Acute Endophenotypes Working Group

Chair / Co-Chairs:Jin-Moo Lee and Israel Fernández-Cadenas


The Acute endophenotypes working group aims to use human genomics and other mutli-omic approaches to elucidate mechanisms involved in early brain injury following acute stroke. Studies exploit creative phenotypes or quantitative endophenotypes that capture different mechanisms involved in acute ischemic stroke. This working group, made up of over 20 investigators representing 14 institutions throughout the world, pursues a variety of projects.


Examples of projects include:  1) the Genetics of Early Instability after Ischemic Stroke (GENISIS); 2) Genetics of hemorrhagic transformation after thrombolysis/thrombectomy; 3) Genetics of edema formation following acute ischemic stroke; among many others. The working group perform different approaches to study these end-points, such as Genome Wide Association studies (GWAs), Exome sequencing, Epigenome Wide Association studies (EWAs) or Transcriptomics. The GENISIS study has analysed samples from 6,000 acute ischemic stroke patients, looking for genetic associations with early neurological improvement or deterioration within the first 24h after stroke. Seven genome-wide associated loci have been found, including several involved in neuroprotective mechanisms. Other projects are the Geno-tPA or TOTO studies focused on pharmacogenetics of rt-PA. In the case of Geno-tPA 1.200 patients have been analysed using GWAs, revealing one locus associated with haemorrhagic transformation after rt-PA.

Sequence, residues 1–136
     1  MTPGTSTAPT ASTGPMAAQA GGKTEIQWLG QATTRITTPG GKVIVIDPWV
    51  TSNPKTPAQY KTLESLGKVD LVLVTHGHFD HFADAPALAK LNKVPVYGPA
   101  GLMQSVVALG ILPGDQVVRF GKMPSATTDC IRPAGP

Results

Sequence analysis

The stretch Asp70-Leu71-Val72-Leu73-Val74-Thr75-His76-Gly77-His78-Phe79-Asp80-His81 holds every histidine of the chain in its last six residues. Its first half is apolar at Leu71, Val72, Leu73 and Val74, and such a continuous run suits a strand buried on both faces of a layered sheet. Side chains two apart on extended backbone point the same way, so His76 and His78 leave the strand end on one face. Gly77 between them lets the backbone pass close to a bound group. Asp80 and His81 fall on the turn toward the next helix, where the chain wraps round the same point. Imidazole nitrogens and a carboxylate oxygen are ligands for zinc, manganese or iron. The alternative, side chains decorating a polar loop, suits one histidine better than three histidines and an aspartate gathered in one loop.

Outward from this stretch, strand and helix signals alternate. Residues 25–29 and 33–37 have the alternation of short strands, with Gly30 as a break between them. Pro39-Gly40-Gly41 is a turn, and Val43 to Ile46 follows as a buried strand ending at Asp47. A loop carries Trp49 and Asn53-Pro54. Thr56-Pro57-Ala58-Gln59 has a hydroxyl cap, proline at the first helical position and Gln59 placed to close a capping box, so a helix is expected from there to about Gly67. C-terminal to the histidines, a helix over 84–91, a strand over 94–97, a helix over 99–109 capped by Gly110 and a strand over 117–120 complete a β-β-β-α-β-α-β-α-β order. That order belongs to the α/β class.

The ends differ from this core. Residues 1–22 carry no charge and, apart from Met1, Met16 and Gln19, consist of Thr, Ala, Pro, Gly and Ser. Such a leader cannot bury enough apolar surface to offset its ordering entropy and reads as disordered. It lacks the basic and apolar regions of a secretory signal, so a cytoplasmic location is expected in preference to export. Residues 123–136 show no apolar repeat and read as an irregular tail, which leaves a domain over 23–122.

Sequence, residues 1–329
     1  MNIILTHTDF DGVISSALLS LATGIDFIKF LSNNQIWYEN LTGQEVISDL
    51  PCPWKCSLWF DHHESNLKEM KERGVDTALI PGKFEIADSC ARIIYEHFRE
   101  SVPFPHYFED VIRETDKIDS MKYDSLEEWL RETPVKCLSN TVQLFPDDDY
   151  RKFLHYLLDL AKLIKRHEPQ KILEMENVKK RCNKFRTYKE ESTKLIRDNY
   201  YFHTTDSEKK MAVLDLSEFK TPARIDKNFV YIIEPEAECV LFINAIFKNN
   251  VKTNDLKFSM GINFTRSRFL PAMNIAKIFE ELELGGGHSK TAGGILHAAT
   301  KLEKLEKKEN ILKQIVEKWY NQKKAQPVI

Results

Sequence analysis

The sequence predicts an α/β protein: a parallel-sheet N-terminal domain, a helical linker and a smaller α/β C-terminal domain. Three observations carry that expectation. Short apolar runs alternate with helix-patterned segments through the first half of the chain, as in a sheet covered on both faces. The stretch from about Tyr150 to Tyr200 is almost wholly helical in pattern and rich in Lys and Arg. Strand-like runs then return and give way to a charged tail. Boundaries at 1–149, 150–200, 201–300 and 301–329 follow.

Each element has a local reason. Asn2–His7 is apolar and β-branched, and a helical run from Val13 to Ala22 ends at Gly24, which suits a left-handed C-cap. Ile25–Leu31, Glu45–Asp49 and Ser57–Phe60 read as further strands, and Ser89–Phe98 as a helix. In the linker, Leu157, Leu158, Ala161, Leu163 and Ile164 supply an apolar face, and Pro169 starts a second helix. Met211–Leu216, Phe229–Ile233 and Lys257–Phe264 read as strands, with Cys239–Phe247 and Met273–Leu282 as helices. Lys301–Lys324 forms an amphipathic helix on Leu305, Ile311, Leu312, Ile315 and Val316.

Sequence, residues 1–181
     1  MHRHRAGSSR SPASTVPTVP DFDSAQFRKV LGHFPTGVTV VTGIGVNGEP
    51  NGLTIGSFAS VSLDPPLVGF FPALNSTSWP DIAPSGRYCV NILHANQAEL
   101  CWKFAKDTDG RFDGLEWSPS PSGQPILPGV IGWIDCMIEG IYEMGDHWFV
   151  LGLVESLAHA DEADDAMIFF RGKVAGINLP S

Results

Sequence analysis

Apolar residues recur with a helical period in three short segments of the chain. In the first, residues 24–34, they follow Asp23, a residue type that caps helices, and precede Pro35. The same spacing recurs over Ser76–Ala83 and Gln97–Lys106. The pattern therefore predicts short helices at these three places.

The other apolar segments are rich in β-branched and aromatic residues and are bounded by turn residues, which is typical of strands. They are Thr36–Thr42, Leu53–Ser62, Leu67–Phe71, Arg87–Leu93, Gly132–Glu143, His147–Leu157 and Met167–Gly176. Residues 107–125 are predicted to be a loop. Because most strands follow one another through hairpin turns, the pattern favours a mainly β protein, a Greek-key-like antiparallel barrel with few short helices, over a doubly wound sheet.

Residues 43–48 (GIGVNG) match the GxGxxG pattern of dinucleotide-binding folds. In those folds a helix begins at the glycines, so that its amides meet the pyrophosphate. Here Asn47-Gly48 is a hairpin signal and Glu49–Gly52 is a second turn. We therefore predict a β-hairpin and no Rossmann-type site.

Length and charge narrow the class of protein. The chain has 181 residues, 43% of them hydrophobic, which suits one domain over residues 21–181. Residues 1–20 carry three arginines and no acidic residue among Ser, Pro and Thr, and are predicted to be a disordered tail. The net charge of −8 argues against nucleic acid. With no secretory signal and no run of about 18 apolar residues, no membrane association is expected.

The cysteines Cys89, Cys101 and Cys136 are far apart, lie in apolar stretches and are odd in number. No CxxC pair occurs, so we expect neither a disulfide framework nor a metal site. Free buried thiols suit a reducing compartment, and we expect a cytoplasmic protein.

In collaboration with the Stroke Outcomes Working Group, the Acute Endophenotypes Working Group has established the ISGC Global Alliance for Acute and Long-Term Outcome Studies.  This Alliance has created common data elements to capture both acute and long-term phenotypes to be obtained in “big data” natural history studies of acute stroke. The hope is to coordinate data collection across multiple large genomic studies in order to expand available data.